Beckon by Tom Pawlik (blog, Facebook, Twitter).
EDIT: Blogger decided to make the entire body of my review all caps. Yes, the book is THAT EXCITING, but it was not my intent. So apologies in advance for any weird formatting.
This is Julie again, posting for the CSFF Blog Tour! I have a review system you may (or may not) want to look at to see HOW I come up with my ratings and what I rate on.
Ridiculously simplified summary: An anthropology graduate seeks answers about his father. A young police officer seeks her missing cousin. And a rich man seeks a cure for his wife's Alzheimer's. Their journeys lead them to Beckon, Wyoming. Come. And live forever.
Content: Before you go any farther, keep in mind that I like a happy ending. The kind of ending where at least most of the main characters are as happy or happier at the end of the story than they were at the beginning.
This is not one of those books.
Beckon is labeled suspense, but I'd call it suspense like the movie Jurassic Park--except Jurassic Park has some moments of wonder and whimsy before the dinosaurs start eating everyone. This book is so violent, I’m tempted to call it horror. It disturbed my sleep multiple nights. I thought the Christian content was mostly confined to people coming to grips with their own mortality, though 2 characters were strong Christians and talked/thought about that a bit.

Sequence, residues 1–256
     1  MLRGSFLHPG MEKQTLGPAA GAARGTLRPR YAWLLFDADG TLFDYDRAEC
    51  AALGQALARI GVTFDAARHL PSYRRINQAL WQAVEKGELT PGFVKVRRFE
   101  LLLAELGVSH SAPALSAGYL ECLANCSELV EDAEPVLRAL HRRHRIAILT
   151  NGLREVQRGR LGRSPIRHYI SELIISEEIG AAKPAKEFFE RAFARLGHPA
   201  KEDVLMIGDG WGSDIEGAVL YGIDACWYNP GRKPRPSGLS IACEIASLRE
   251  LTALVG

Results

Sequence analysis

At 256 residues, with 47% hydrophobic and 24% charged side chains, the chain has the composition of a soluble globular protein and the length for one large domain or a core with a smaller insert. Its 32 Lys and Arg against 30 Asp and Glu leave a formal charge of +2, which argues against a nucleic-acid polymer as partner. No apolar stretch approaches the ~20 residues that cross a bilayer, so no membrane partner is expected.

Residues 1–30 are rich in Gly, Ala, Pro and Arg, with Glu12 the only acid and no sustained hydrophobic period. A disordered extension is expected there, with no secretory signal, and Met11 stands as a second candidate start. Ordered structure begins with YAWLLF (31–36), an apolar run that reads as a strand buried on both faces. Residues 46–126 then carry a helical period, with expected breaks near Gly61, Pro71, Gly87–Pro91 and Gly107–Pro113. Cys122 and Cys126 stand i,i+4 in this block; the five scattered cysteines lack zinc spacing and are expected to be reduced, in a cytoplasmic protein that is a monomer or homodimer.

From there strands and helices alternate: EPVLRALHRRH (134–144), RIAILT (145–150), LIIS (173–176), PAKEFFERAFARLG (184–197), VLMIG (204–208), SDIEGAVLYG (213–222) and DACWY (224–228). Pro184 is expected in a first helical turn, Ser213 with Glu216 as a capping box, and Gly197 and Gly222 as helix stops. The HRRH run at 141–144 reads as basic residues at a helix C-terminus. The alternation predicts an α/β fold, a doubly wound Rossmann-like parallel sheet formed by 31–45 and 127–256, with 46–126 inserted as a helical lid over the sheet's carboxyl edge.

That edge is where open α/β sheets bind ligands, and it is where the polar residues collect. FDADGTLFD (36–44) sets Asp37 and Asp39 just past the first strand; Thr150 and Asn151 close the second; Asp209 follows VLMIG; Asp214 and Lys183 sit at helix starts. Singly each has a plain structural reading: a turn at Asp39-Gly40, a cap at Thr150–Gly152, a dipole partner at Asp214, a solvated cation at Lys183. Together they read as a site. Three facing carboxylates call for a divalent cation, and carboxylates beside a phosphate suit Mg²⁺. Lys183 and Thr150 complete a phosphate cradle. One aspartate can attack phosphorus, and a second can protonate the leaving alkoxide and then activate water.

Compelling: 9 out of 10. Almost throughout, it's a page turner. There are entire paragraphs of flashback to explain each point-of-view character's circumstances, which made the beginning of the book in particular drag a bit for me. Despite that, once I was past the first few chapters, the book kept me reading, and I stayed up late a few nights with it.
Characters: 4 out of 10. Every character has a detailed backstory, so it's clear Pawlik put a lot of thought into them. It's providential how one point-of-view character meets someone who changes her worldview.
My main problem is that I just couldn't get into Jack's point of view. Looking back, I think it's the style, which just isn't the close third-person point of view I've been taught to write. Here are the first two paragraphs of the book (in effect, a flashback):
The last time he saw his father alive, Jackson David Kendrick was only nine years old.